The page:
PHOENIX (3TV/CBS 5) — The National Alliance of Mental Illness says that teen suicide rates are higher than the national average in Arizona, where 17% of high school students say they've seriously considered attempting suicide in the past year. "Kids are absorbing everything around them. They are learning. They are sponges, and they are soaking up everything," said Tim Warnock, a teacher in the East Valley.
Warnock said he believes the frustrations and chaos in the world are weighing on the youth in more ways than one. He's noticed some of his students acting out in different ways, such as drifting off or staring into space. "Quick to tears, they're very quick to fall apart emotionally and start crying," said Warnock.
The training would be required at least once every three years.
Warnock is not just a teacher, but he's also a father who lost his son to suicide in 2016. In his grief, he drafted the Mitch Warnock Act, which requires all staff members of schools in Arizona to take suicide prevention training. "We made some strides with the legislations that at least we stopped digging the ditch. We started to look how to get out of it," Warnock said.
Then, the pandemic hit. "The vast majority of teachers desperately wanted that information. They wanted to know how to handle things, but then they weren't with their students. Suddenly we get shut down. Kids are isolated," Warnock said.
Warnock pointed out that long before the pandemic, suicide rates were already skyrocketing. Children, not just teens, were experiencing depression, anxiety and suicidal thoughts. He said he's heard of at least three student suicides in the East Valley within the last two weeks.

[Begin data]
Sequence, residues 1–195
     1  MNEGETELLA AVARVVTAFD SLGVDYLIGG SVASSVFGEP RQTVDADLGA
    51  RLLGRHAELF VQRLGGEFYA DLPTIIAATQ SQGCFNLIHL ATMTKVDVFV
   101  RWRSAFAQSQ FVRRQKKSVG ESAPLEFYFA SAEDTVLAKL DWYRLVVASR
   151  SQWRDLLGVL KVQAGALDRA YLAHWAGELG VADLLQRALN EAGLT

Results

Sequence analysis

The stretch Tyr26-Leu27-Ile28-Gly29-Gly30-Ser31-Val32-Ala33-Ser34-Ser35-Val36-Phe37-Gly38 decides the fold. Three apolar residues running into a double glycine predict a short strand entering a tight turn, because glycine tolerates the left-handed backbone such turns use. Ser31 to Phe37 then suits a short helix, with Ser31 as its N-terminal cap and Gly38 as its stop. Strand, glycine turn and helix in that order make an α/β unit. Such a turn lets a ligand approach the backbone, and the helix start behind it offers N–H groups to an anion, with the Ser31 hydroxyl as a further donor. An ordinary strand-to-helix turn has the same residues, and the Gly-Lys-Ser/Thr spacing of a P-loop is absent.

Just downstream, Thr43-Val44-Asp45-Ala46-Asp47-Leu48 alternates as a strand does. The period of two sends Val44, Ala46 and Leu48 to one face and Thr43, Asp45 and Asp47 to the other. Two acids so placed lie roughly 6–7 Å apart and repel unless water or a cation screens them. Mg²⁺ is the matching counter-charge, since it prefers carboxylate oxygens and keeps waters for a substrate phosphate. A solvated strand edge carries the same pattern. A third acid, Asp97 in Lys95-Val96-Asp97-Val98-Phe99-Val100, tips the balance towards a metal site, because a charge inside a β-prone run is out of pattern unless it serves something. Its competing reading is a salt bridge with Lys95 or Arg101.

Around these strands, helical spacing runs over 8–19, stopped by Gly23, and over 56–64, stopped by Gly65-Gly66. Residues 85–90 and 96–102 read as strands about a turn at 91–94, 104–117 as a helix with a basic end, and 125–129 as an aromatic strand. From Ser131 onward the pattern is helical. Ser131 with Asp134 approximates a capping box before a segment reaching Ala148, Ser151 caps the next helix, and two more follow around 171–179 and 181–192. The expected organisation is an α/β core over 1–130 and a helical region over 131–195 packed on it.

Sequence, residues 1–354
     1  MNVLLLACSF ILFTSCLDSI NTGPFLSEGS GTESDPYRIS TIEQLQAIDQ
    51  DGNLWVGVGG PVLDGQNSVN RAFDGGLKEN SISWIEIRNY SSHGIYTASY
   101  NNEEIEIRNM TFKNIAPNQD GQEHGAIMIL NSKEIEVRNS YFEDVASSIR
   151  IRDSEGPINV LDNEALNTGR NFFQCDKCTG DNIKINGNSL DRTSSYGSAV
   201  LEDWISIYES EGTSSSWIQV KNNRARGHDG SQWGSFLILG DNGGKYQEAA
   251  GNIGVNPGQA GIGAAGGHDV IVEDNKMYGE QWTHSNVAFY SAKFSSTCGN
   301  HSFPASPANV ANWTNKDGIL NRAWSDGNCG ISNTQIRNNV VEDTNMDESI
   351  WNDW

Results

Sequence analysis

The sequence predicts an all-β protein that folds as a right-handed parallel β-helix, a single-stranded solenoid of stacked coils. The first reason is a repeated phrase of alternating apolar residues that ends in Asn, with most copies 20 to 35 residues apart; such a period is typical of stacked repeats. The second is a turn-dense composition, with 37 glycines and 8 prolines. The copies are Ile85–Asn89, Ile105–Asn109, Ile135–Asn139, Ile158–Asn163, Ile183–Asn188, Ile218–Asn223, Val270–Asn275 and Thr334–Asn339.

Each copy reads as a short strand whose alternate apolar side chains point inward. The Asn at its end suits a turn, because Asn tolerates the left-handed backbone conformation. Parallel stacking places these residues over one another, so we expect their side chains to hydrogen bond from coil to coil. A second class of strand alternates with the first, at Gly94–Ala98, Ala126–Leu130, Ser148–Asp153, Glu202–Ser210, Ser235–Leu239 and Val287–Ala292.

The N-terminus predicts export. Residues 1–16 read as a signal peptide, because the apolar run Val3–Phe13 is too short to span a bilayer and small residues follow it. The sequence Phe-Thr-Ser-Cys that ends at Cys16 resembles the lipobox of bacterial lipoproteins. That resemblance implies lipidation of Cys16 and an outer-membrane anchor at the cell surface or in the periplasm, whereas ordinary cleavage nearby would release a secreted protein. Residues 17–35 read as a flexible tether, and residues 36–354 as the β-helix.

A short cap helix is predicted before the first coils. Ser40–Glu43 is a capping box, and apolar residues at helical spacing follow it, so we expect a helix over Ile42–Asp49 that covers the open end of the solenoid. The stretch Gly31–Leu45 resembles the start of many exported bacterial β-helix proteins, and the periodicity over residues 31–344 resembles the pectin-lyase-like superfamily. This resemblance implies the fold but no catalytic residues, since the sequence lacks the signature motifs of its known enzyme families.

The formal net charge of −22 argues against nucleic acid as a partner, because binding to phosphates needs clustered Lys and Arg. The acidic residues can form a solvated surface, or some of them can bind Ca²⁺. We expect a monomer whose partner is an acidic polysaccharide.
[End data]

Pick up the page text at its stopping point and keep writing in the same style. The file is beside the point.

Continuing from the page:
"There's (sic) so many factors pancaking onto the kids right now that are making this much worse," Warnock said. "You have to share your calm because their world, that they're not very familiar with, is in total chaos and they're scared and they don't know what's going to happen next."
Warnock said it's also important to look at more than just suicide completions. "While that's not acceptable, that is a small number compared to the bigger number of kids who have attempted, and that number is smaller than the number of kids who have a plan," Warnock said.
He believes teens and younger kids need to learn more healthy coping mechanisms to prevent them from going down a dark spiral. "We are going to be OK. This is really going to shake us around for a little bit and knock us up and down, but we will get through this," Warnock said.
Teen Lifeline says they've had a 30% increase in calls and texts from last year to this year when comparing January through August, and 30% of the calls and texts are from teens struggling with thoughts of suicide. It's the single largest call category, which is followed by contacts related to family struggles, relationships, school problems, bullying and anxiety.